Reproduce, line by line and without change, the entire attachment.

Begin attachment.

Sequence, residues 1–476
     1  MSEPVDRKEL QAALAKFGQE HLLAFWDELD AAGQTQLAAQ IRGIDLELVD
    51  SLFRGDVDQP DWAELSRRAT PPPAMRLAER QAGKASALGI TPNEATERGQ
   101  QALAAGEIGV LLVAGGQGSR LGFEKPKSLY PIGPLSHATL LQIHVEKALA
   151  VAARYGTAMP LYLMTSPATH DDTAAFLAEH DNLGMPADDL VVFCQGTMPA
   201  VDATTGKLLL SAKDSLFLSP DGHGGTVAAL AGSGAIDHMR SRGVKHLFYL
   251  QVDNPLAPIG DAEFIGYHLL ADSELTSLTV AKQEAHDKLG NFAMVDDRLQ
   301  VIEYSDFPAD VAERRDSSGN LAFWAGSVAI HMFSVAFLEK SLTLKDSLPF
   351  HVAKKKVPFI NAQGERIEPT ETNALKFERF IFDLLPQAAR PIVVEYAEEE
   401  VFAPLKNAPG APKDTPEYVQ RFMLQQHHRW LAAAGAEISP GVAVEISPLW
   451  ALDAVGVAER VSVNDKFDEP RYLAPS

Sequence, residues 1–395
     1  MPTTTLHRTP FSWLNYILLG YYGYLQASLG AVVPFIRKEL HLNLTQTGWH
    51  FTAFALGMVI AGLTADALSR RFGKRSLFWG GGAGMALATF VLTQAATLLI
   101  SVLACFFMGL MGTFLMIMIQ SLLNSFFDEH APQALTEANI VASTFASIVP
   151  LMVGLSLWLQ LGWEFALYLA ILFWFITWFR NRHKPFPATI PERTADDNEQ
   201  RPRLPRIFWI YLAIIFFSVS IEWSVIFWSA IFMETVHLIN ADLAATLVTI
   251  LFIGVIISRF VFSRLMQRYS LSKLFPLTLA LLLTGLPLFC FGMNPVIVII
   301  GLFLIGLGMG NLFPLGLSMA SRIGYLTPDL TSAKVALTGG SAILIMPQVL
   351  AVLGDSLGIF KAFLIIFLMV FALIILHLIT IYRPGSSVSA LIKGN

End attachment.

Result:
Sequence, residues 1–476
     1  MSEPVDRKEL QAALAKFGQE HLLAFWDELD AAGQTQLAAQ IRGIDLELVD
    51  SLFRGDVDQP DWAELSRRAT PPPAMRLAER QAGKASALGI TPNEATERGQ
   101  QALAAGEIGV LLVAGGQGSR LGFEKPKSLY PIGPLSHATL LQIHVEKALA
   151  VAARYGTAMP LYLMTSPATH DDTAAFLAEH DNLGMPADDL VVFCQGTMPA
   201  VDATTGKLLL SAKDSLFLSP DGHGGTVAAL AGSGAIDHMR SRGVKHLFYL
   251  QVDNPLAPIG DAEFIGYHLL ADSELTSLTV AKQEAHDKLG NFAMVDDRLQ
   301  VIEYSDFPAD VAERRDSSGN LAFWAGSVAI HMFSVAFLEK SLTLKDSLPF
   351  HVAKKKVPFI NAQGERIEPT ETNALKFERF IFDLLPQAAR PIVVEYAEEE
   401  VFAPLKNAPG APKDTPEYVQ RFMLQQHHRW LAAAGAEISP GVAVEISPLW
   451  ALDAVGVAER VSVNDKFDEP RYLAPS

Sequence, residues 1–395
     1  MPTTTLHRTP FSWLNYILLG YYGYLQASLG AVVPFIRKEL HLNLTQTGWH
    51  FTAFALGMVI AGLTADALSR RFGKRSLFWG GGAGMALATF VLTQAATLLI
   101  SVLACFFMGL MGTFLMIMIQ SLLNSFFDEH APQALTEANI VASTFASIVP
   151  LMVGLSLWLQ LGWEFALYLA ILFWFITWFR NRHKPFPATI PERTADDNEQ
   201  RPRLPRIFWI YLAIIFFSVS IEWSVIFWSA IFMETVHLIN ADLAATLVTI
   251  LFIGVIISRF VFSRLMQRYS LSKLFPLTLA LLLTGLPLFC FGMNPVIVII
   301  GLFLIGLGMG NLFPLGLSMA SRIGYLTPDL TSAKVALTGG SAILIMPQVL
   351  AVLGDSLGIF KAFLIIFLMV FALIILHLIT IYRPGSSVSA LIKGN